As composters, we definitely love our worms. And if you have a healthy vermicompost bin, then you definitely know there’s lots of love between the worms, too. But how exactly do our worm bins become so populous? Red wiggler worms are frequent reproducers. If conditions in the bin are ideal, each worm can produce up to 7 worm hatchlings per week. And because red wigglers are hermaphrodites, with both male and female parts, every worm in your bin has the potential to lay and fertilize eggs. When a red wiggler worm matures, it develops a swollen band near its head called a clitellum that stores the eggs and sperm.
During reproduction, two worms join at the clitellum and exchange seminal fluid. During the three hours of being joined, each worm forms a mucus ring around itself. As they separate, the mucus rings harden and the worms begin to back out of their respective rings over a 7-10 day period.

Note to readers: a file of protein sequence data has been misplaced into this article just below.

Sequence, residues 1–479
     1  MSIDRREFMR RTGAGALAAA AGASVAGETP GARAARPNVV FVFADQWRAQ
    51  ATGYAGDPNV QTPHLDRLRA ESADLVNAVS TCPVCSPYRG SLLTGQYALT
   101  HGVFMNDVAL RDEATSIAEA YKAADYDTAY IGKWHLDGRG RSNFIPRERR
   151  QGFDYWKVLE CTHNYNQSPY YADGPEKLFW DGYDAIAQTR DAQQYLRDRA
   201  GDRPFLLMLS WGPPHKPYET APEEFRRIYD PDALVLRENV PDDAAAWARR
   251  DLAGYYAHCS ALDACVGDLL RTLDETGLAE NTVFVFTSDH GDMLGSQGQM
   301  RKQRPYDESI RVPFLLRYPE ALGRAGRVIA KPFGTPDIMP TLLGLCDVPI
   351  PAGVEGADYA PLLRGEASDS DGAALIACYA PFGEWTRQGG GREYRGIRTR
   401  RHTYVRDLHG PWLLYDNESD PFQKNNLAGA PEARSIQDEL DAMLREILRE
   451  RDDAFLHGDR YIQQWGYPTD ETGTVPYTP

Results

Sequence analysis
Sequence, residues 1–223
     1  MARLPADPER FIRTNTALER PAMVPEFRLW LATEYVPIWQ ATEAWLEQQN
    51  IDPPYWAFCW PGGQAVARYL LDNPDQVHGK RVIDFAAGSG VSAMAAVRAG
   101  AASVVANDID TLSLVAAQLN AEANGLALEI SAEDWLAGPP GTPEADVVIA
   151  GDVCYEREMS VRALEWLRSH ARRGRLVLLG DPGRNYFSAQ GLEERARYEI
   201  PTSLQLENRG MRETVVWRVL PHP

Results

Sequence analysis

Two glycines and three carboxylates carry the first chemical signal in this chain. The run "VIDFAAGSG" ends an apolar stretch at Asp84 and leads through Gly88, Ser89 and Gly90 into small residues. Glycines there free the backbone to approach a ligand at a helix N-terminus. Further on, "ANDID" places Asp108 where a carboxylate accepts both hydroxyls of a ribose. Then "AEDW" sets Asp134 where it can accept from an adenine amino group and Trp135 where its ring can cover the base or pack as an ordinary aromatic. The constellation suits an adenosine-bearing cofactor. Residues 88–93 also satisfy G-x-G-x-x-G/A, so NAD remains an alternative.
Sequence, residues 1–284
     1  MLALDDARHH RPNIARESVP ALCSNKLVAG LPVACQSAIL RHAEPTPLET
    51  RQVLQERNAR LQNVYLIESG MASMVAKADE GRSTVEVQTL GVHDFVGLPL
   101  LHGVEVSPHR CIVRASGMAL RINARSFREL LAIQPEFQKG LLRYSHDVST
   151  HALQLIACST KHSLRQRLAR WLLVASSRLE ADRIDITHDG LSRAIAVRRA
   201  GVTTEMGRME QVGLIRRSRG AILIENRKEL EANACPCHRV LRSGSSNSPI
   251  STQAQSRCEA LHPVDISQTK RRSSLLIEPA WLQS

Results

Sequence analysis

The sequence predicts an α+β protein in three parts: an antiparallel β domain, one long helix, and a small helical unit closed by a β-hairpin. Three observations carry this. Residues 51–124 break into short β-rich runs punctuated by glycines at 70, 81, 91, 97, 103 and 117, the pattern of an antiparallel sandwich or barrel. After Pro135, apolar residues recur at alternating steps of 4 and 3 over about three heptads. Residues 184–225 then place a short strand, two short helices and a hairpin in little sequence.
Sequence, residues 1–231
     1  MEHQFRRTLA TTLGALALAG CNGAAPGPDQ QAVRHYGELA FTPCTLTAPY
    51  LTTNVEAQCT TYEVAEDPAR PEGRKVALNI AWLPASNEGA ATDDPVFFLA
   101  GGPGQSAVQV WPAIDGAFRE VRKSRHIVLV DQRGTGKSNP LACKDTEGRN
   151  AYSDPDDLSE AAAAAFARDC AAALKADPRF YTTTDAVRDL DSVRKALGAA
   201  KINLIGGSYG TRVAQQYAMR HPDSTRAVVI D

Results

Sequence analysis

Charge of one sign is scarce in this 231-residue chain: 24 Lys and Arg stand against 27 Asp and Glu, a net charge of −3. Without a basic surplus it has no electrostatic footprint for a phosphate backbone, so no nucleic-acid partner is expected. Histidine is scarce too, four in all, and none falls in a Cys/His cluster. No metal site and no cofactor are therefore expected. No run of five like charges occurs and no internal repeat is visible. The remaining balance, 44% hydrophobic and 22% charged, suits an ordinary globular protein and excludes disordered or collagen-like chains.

As this happens, the ovum, amniotic fluid, and semen are deposited into the mucus ring which then seals and hardens into the yellow, lemon-shaped cocoon that we are familiar with. While the hatchlings mature, the eggs begin to turn ruby red. Each egg will hold 2-7 red wiggler babies that will hatch in 30 to 75 days. After 85-150 days, these babies mature into adults and can then begin producing offspring of their own.
Author: Nancee Foglesong (Master Composter Volunteer)